Trout took part in a home run derby while at the lower Class A level and said it "didn't turn out too well."
"I hit like two or three home runs," Trout said, but he doesn't believe it messed up his swing.
"I didn't think about it much," he added. "It's for the fans, to have fun and try to hit some home runs. After the All-Star break, you get back to the basics anyways."
Scioscia has had four of his players participate in the Home Run Derby since he took over as Angels manager in 2000, and two of them actually won.
In '01, Troy Glaus was shut out at Safeco Field, then had a higher OPS in the second half (.922) than in the first (.877).
In '03, Garret Anderson won, but had a lower OPS in the second half (.807) than in the first (.943).
In '07, Vladimir Guerrero won and stayed at about the same pace (.962 OPS in the first half, .935 OPS in the second half).
In '12, Mark Trumbo finished third in the Derby and slumped the rest of the way, going from a first-half OPS of .965 to a second-half OPS of .630.
Scioscia let them take part, but only begrudgingly.
"I would advise any one of our guys not to do it, just for the wear and tear it takes on your whole swing," Scioscia said. "I enjoy watching it. It's great fan interest. But let the other guys in the League do it."
Injuries, struggles force Scioscia into platooning
SEATTLE -- Angels manager Mike Scioscia went into the season hoping to basically ride the same lineup all year.
An assortment of injuries and some individual struggles have turned it into a platoon, with Raul Ibanez, Kole Calhoun and Hank Conger mainly starting against righties and right-handed hitters C.J. Cron, Grant Green and Chris Iannetta starting against lefties -- like Tuesday starter Roenis Elias -- most of the time.
"There's no doubt we've had to mix and match as much as we ever have," Scioscia said. "I think we've found good offensive chemistry against both righties and lefties that has helped us to score runs and keep ourselves afloat. We need it to continue."
Scioscia has basically had a platoon behind the plate with Iannetta and the switch-hitting Conger since the early part of last season, but the left-handed-hitting Ibanez and Calhoun will have to get going before they start against lefties.
Ibanez entered Tuesday with a .156/.278/.279 slash line, while Calhoun is 1-for-15 since returning from a sprained right ankle.
Calhoun said his timing is "getting there," and took some positives from lining an up-the-middle single to break up Chris Young's no-hitter in the sixth inning on Monday. But he also admitted to still having "some growing pains" with the ankle and believes sitting him against lefties "is the smartest thing for this team right now," referencing how well Collin Cowgill and Green have hit.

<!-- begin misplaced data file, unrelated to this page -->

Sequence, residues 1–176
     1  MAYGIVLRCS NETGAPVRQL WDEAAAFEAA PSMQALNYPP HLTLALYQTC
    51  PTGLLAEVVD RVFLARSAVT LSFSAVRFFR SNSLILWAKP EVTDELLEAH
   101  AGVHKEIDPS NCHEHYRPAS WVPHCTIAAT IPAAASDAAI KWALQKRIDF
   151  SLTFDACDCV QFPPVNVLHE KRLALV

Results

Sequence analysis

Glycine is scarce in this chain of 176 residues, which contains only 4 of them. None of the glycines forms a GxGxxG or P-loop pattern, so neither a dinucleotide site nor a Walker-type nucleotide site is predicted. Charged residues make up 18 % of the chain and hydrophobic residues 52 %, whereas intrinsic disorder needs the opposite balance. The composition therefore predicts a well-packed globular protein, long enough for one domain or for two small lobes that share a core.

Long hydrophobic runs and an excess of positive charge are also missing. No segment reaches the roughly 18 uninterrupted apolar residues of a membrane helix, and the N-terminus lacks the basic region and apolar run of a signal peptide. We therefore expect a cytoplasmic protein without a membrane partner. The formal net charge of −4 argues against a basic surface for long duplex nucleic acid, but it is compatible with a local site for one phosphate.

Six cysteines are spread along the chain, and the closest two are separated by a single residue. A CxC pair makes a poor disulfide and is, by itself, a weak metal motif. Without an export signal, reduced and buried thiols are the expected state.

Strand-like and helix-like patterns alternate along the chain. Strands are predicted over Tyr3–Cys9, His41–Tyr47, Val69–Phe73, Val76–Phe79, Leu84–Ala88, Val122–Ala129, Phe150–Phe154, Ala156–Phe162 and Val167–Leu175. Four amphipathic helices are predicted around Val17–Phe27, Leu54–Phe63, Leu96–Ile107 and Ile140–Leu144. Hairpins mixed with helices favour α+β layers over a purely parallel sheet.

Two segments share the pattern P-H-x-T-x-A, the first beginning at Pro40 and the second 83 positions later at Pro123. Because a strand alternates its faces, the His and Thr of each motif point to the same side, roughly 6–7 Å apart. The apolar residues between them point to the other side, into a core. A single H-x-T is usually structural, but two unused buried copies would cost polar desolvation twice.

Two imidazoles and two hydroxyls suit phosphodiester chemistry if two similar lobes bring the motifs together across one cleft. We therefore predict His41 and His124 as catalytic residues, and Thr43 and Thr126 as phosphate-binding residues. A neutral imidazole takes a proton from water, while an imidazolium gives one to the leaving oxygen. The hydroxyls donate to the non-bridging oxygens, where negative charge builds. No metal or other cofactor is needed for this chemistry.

"We've got a lot of weapons, and that's exciting," Calhoun said. "That's why the team was doing so good even with guys on the [disabled list]."
The one constant in Scioscia's lineup thus far has been Mike Trout batting second and Albert Pujols batting third. And for the last six games, Howie Kendrick -- with a career-high walk rate and a .303/.379/.415 slash line entering Tuesday -- has been his leadoff hitter.
Calhoun will probably return there when Josh Hamilton is activated, if he's productive again.
"When Kole's swinging like he can, the way he sees pitches, he has a lot of value there in the leadoff spot," Scioscia said. "And it allows Howie to hit in more of an RBI position."
• Hamilton, diagnosed with a bone bruise on his left thumb, is "feeling better," Scioscia said Tuesday. Hamilton threw and did some running exercises early Tuesday afternoon, and hopes to start swinging the bat again Wednesday.
• Asked about Target Field, site of the 2014 All-Star Game, Trout said: "I like Minnesota a lot. I was disappointed when they didn't make it a dome. It's so cold. I think a lot of people were. But the fans are great. It's a nice stadium."
Alden Gonzalez is a reporter for MLB.com. Read his blog, Gonzo and "The Show", and follow him on Twitter @Alden_Gonzalez. This story was not subject to the approval of Major League Baseball or its clubs.